Spiders of the Sussex Uplands

Posted by Graeme Lyons , Saturday 3 November 2018 20:18

After hearing of the success of Thanatus formicinus being found in numbers two weeks ago in Nottinghamshire, I thought I would try and have another go for it at Old Lodge. I didn't find any. However, I did get three new spiders for me and six new spiders for Old Lodge. First up though, I found quite a few immature Micrommata virescens. This is the spider that grows up into a huge luminous green huntsman (an old image is shown below). This time of year they are pretty small and look quite like Tibellus. Of the two I photographed, I wonder if they are a young male (above) and female (below) as they are quite different looking even at this small size.

And here is what they'll become next year. Ashdown Forest is the main stronghold in Sussex for this amazing spider, nice to be able to record it in November. Actually, I recorded around 20 species today using the suction sampler. 

This one was new to Old Lodge. Agroeca proxima. Agroecas look at first glance like wolf spiders but they are a different family. I do'r record them very often, in fact, this is only the 7th Agroeca record I have, this probably due to their late season.

The three money spiders that were new for me were also new to the site. Two of these, Ceratinella brevipes and Tenuiphantes cristatus are widespread species with a strong north-western distribution. Typical for Old Lodge to be home to species like this that are uncommon elsewhere in the county. There really is no reason to go up north when you go to the Ashdown Forest, it's like a bit of north-west England down here in the south. The third was also new to the reserve network, it's the nationally scarce species Notioscopus sarcinatus or the Swamp Lookout Spider. It's less than 2mm long and has a really odd feature in the male. A finger like projection that sticks up in the middle of the cephalothorax just behind the eyes. I couldn't get a decent photo down the microscope but here you go. The 387th spider recorded on our reserves.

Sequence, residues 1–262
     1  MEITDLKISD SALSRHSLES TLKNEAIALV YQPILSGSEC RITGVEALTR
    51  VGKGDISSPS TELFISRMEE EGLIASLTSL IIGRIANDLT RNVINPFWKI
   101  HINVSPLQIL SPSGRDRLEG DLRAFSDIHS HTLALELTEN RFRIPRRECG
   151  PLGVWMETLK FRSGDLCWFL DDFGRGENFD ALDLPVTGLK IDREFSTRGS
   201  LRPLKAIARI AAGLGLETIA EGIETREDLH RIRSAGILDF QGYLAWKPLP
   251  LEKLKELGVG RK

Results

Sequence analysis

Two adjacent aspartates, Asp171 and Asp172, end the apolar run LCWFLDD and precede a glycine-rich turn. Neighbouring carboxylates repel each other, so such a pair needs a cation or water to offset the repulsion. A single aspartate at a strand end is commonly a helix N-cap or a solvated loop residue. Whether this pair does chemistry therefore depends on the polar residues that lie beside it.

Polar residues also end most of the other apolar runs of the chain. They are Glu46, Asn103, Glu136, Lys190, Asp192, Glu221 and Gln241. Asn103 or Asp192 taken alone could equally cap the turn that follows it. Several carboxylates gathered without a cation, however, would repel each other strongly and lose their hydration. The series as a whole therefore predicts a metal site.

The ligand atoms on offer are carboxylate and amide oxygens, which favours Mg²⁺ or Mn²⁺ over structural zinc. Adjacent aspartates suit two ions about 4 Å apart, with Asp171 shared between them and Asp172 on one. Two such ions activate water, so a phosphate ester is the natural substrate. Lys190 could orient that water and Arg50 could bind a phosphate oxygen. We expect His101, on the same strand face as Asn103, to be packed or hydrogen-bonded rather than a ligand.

Also new to Old Lodge were Ero furcata and Walckenaeria cuspidata.  There were also dozens of the nationally scarce Hypselistes jacksoni which I recorded there last March. It was possibly the commonest money spider in the bog. It has a really interesting shaped head too.

So, didn't find the target species but it was well worth it. Can't remember the last time I added three new spiders in one day and Notioscopus is a really good find.

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